Urease enzyme Urea

Possible methods of assimilation of urea nitrogen by Helicobacterpylori.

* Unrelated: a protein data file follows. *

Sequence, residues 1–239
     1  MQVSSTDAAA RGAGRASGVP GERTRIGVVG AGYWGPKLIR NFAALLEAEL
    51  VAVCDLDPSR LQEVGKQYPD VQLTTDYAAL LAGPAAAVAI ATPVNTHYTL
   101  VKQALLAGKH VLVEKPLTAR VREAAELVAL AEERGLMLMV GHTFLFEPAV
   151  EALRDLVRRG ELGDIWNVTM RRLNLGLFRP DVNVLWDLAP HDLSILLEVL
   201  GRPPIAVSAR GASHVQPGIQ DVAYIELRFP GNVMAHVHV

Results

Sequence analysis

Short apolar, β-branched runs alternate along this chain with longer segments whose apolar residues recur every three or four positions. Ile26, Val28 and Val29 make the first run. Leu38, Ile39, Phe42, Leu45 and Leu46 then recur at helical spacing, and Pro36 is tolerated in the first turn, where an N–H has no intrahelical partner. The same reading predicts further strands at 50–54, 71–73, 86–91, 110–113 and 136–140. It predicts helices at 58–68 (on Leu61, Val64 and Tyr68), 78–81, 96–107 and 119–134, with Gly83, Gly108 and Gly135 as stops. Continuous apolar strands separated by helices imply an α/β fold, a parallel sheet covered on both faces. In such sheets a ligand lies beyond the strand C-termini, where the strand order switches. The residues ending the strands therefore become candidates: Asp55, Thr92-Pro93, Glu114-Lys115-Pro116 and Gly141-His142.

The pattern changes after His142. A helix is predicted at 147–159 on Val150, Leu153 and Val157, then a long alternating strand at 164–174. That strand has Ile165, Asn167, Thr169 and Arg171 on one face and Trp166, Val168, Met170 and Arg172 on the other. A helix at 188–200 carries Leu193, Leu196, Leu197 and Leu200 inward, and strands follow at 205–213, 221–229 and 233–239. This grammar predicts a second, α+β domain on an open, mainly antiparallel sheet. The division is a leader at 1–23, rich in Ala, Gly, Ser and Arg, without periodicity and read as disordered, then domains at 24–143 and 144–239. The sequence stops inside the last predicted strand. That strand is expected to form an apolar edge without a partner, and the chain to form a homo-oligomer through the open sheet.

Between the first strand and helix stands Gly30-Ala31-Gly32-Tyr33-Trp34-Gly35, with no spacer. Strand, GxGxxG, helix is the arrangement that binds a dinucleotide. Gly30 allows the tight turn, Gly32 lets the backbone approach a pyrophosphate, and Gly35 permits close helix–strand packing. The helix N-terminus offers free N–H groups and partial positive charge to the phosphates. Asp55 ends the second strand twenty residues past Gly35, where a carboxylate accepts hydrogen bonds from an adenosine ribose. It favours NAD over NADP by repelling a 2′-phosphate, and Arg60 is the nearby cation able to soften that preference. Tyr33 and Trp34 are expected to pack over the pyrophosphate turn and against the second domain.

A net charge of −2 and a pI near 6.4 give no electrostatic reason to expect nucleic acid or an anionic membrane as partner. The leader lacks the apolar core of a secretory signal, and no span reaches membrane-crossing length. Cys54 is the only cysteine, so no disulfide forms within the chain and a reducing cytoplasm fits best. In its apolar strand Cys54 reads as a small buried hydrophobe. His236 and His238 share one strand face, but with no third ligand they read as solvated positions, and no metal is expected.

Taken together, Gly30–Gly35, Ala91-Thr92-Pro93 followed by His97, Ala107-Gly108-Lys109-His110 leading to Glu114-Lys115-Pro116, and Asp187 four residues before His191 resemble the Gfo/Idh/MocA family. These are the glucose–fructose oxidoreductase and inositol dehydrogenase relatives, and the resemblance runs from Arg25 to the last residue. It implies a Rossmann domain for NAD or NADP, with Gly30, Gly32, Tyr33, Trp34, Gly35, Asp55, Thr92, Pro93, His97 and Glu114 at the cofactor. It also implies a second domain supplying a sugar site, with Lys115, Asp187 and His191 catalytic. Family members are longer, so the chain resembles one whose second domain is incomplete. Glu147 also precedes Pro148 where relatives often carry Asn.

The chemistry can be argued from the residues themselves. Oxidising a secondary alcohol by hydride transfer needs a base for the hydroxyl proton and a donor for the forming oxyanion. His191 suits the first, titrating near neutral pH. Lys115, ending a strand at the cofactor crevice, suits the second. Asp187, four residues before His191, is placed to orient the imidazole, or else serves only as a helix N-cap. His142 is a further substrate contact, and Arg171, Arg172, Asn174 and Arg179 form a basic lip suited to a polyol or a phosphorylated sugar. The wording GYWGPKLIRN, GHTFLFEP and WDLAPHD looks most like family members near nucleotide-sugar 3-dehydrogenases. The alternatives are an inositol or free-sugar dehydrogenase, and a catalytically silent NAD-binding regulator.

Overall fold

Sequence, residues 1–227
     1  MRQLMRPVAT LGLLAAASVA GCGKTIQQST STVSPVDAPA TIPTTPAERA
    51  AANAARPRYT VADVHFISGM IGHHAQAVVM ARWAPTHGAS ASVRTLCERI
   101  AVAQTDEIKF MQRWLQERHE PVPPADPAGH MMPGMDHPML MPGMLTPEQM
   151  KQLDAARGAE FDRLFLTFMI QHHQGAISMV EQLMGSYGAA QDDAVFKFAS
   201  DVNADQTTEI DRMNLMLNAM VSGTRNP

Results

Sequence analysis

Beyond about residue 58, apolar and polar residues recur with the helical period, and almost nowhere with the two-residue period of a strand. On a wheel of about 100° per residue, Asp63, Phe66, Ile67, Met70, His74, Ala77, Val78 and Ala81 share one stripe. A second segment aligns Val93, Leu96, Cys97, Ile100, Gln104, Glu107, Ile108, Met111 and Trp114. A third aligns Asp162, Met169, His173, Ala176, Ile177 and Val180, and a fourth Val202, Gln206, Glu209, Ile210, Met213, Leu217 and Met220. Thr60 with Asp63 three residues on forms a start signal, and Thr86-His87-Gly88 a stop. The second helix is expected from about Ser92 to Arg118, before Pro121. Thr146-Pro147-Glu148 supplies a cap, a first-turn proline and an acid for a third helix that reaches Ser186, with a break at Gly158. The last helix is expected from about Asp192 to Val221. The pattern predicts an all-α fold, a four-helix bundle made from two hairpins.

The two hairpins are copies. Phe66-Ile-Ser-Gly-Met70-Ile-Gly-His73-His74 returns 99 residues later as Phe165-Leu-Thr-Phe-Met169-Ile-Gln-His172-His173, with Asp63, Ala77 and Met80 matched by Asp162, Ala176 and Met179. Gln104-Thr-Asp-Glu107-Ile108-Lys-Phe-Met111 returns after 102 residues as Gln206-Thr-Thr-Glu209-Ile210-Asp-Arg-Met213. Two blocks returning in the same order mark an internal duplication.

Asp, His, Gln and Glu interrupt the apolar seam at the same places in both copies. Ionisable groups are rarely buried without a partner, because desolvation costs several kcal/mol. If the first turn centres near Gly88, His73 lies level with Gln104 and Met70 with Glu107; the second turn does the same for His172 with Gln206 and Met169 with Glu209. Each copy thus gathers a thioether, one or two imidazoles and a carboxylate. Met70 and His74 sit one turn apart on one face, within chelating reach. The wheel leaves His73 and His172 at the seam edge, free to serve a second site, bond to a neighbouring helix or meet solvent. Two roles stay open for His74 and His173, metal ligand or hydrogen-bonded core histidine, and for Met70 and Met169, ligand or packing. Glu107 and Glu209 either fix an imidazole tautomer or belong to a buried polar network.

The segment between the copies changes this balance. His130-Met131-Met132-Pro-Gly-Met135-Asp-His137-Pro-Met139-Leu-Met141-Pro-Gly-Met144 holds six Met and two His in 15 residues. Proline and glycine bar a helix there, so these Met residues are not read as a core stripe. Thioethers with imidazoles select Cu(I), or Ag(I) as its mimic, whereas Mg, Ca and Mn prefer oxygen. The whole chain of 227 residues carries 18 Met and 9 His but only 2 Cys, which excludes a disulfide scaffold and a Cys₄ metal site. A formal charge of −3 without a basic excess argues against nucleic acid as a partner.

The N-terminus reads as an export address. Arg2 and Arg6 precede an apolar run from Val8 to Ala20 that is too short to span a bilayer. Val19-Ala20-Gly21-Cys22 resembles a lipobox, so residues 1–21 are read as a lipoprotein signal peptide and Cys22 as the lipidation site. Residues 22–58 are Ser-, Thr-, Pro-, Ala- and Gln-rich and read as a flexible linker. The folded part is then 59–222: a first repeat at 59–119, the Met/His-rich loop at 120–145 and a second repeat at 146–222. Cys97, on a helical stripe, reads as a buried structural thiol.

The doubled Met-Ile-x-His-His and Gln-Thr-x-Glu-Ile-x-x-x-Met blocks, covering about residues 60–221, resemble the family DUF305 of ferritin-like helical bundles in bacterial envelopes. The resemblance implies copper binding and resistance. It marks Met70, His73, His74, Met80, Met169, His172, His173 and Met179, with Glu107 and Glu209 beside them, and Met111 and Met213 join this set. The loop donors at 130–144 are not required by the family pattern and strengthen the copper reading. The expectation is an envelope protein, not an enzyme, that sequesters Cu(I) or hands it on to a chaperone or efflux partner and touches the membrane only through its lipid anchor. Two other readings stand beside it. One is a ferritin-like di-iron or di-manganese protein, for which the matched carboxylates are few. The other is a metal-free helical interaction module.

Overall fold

four complete studies which produced 24 replicates for analysis. In each experiment 1 ml of a 72 hour broth culture suspension (BHI broth + 0-25% yeast extract + 10% horse serum) of H pylori was added to 9 ml of 0-2 mol/l buffer solution either containing urea or NaCl and incubated at 37°C for 5 minutes. At intervals portions were removed for viable bacterial counts and during the isocitrate buffer experiments for measurement of ammonium (Enzymatic method, Cobas Bio) and urea (o-pthalaldehyde method, Perspective analyser) concentration.8 The osmolality of the buffer solutions was checked using a (Advanced Digimatic Osmometer, Sussex, UK) osmometer. The following studies were undertaken: 1 Effect of isocitrate buffer on survival of H pylori The survival of the organism in the presence of 50 mmol/l urea in 0-2 mol/l isocitrate buffer (pH 6 0) was compared with its survival in 0-2 mol/l citrate buffer with the same concentration of urea, and with its survival in 0-2 mol/l citrate buffer, without urea but with added NaCl to ensure that the osmolality was the same as the citrate and isocitrate buffers containing urea. Urea consumption and ammonium release were also measured. 2 Effect ofpreincubation with a ketoglutarate on survival ofHpylori Hpylori was preincubated with 10 mmol/l a ketoglutarate which had been added to the broth for 15 minutes, 45 minutes or 72 hours before inoculation into 0-2 mol/l citrate buffer (pH 6 0). The effect of preincubation with a ketoglutarate on the organisms's survival in 0-2 mol/l citrate buffer was compared with its survival in 0-2 mol/l citrate buffer containing 50 mmol/l urea. The method of Miles and Misra'2 was used to establish the organism's survival. Viable colony counts were obtained on blood agar plates after three days of incubation at 37°C in a microaerophilic atmosphere (BBL Campy-